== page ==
barking dogs, dirty dishes, cool cats, & a little sympathy
It was the first morning when I did the dishes and didn't have to hear that damned dog barking. I probably should have used more Lemon Joy, but I didn't want to get suds all over the plastic bottle's neck. I wondered if the neighbors had finally put a muzzle on their neglected mutt.
Mostly I wondered about where Johnny was. Probably waking up with some bimbo to make him breakfast. It had been a year, but still I thought about him. It wasn't healthy. I scrubbed at the melted cheese caked onto my favorite plate.
Johnny loved when I did the dishes. He loved my having breakfast cooked for him by the time he woke up. He loved a little loving for dessert after breakfast. That good ol' boy loved everything I did for him. He just didn't love me.
My ex-husband Johnny. He was thirty-two now, but still wore leather pants to the recording studio. He was a sound mixer, probably still hoping to be invited to join a real band.
He was one cool cat. Great looking, a real pouncer in bed, and so graceful walking in the door. And just like a cat, he was graceful on the way out the door, after I fed him and washed his underwear.
I nicked my fingernail on a fork tine and cursed loudly. Now that the house was empty, I found myself swearing more freely. I sucked my nail and meandered into the big bathroom, seeking a band-aid. There were no band-aids. I wrapped my finger in toilet paper.
There wouldn't be any company in bed tonight, I thought. I sat down heavily on my bed and started to cry. The water in the kitchen sink was losing its suds, and a grown woman was crying over a pricked fingernail. How pathetic the scene might have been, had I not been so alone. When the warm weight brushed my leg, I leapt onto the bed and screamed my bloody head off.
It was the neighbor's dog, Stony. He sat at the foot of my bed obediently, staring with those sympathetic eyes that adult dogs have. I must have looked a mess, standing barefoot on my bed with one hand wrapped in toilet paper and the other wiping the tears from my cheeks. Stony just looked into my eyes and sat there.
I felt foolish, standing with my head almost to the ceiling fan. The dog, despite its reputation for being annoyingly loud, was obviously not unfriendly. It didn't growl or run at me. I sat down on my bed, eyeing this mutt. He was a big dog, probably forty pounds. A lab? I don't know dog breeds. Short black hair, perky ears, and a big long snout.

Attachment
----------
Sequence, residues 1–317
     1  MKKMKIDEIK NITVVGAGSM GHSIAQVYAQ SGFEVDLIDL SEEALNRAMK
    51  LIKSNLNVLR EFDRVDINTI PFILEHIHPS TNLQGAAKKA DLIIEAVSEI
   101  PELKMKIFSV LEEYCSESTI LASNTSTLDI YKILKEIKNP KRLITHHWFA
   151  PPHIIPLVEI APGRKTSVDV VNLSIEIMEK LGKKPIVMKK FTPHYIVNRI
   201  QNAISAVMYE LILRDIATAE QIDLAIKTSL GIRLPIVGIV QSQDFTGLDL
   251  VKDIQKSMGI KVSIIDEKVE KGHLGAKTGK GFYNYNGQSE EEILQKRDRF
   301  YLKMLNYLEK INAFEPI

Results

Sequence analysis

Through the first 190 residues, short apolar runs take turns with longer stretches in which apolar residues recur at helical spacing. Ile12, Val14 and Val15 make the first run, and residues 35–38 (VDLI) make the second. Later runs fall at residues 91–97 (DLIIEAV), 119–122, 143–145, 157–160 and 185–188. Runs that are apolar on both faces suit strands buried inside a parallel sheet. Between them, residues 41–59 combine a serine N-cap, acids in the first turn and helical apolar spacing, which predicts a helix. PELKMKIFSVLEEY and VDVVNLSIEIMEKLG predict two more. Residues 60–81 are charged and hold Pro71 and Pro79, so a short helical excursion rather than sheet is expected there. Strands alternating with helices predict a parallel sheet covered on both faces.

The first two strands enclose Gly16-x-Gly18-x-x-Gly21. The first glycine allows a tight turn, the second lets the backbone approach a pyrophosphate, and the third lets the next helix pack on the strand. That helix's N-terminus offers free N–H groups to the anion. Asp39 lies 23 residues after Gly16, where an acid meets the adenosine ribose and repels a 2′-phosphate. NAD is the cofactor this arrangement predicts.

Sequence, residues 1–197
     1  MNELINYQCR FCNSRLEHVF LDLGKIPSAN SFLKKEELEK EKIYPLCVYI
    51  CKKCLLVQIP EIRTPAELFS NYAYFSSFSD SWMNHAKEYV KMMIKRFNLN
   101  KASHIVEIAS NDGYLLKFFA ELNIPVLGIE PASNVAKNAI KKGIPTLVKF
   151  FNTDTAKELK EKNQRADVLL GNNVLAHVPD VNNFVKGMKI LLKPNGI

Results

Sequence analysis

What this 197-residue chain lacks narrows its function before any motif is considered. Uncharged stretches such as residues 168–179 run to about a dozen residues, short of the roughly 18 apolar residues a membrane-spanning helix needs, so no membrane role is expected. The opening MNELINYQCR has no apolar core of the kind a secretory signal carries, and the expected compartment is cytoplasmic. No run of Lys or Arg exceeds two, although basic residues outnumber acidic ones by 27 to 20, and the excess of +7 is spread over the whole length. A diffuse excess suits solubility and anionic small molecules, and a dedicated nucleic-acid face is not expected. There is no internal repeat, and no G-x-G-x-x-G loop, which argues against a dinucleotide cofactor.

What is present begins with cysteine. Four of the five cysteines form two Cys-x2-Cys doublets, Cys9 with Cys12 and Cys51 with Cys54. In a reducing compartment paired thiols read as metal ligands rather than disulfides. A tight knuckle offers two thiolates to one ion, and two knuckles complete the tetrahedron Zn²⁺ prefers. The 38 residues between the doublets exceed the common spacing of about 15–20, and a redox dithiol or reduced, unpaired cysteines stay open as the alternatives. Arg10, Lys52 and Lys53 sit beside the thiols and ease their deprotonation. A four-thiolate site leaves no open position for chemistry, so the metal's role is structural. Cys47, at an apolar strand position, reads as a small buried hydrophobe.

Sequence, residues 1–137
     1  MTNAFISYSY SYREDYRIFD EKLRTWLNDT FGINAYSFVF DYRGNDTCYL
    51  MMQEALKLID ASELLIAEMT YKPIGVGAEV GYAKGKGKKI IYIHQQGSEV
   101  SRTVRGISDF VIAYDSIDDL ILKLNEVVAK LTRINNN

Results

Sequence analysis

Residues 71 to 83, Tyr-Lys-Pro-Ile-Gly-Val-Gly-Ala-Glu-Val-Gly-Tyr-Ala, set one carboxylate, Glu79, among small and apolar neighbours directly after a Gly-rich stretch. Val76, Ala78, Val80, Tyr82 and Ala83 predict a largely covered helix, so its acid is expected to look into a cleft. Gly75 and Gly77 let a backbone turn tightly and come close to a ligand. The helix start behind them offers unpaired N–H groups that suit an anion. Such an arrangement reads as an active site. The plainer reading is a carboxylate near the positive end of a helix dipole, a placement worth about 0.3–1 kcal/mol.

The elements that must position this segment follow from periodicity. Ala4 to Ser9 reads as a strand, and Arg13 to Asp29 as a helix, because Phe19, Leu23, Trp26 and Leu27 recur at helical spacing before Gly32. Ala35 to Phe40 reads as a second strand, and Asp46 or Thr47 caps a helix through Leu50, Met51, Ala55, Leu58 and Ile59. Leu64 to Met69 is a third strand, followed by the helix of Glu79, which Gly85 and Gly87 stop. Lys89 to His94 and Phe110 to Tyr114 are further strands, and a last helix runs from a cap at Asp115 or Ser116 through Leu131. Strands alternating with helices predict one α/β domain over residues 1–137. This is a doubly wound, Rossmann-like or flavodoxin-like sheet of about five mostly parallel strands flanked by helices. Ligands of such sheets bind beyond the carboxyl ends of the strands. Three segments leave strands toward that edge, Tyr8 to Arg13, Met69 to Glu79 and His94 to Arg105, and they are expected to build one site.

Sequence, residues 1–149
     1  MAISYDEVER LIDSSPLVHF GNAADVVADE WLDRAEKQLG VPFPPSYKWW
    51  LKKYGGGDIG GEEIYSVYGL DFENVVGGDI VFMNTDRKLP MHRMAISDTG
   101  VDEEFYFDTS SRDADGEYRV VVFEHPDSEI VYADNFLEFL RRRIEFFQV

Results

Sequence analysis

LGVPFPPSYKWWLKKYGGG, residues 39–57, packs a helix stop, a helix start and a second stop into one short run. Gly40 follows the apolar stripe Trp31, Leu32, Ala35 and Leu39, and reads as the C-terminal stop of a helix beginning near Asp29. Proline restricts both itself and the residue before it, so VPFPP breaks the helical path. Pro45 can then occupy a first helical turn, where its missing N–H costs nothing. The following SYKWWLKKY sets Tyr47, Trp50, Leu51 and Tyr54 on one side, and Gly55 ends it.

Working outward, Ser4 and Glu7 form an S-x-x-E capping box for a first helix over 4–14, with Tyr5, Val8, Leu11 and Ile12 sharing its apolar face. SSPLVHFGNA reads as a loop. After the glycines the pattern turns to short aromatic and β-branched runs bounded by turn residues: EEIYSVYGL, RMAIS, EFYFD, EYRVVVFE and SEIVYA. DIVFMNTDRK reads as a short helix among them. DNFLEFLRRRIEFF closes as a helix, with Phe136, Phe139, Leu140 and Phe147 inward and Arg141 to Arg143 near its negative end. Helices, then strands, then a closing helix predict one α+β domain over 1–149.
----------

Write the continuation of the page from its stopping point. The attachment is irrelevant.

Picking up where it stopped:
I wondered how it got in. Maybe through the screen door on the back porch. Probably I should have gone next door to tell the neighbors about their dog. But I didn't. I wondered if I should shoo the thing out of the house before it crapped on my carpet. But I was too deflated. Who was I to be snappish with this dog just because I felt depressed? Every dog has its day, the saying goes. I figured, why ruin this one's.
I left the bedroom and flopped down on my couch. Oprah was on my usual prime-time channel, but one thing I hate is daytime TV, so I changed it. Eventually after flipping a hundred times, I settled on the History Channel. Some documentary about Swiss handgun makers during World War II. My mind tuned out.
I thought about Johnny some more. I knew it was right, not to be with him anymore. But at night it got real lonely around here. And I started to doubt all those small things I had used as reasons to end it. Was it really so big a deal, him not remembering my birthday? Men aren't that good with calendar dates, so should it have mattered that Johnny thought to buy our last anniversary gift on the very night, after I gave him his? Did I really need breakfast in bed that one time, when he was already up early? Perhaps I had been nagging him, and not just asking for equal time in our marriage.
Stony's muzzle rested itself on my thigh. I looked over to find the big dog lying on my couch. His little eyes looked up at me. He let out a single whimper, shifting his head only an inch to a more comfortable resting position. Instinctively I stroked between his ears. He curled up against me and suffered my hand's attentions thankfully.
My eyes blurred on the TV. Johnny was one cool cat. Great to look at, but not too easy to live with. Cats want you around for their pleasure. When they don't need satisfaction, they sure don't come around to see if you need anything.
I glanced down at Stony. Dogs are dependent. They want to hold your attention. They want to be with you. They want to always be in the same room with you, even when they're sleeping. They are loving and sympathetic. And even though Stony couldn't understand my complaints, he was here for me.
It has been two weeks now. Stony sleeps under the kitchen table while I do the dishes. He licks my fingers when they twitch, when I'm thinking of lost loves. He doesn't bark for hours on end anymore, and I haven't cried on my bed recently.
And since I haven't heard from my neighbors, I can only conclude that perhaps Stony does understand my problems. All we needed was a little personal attention.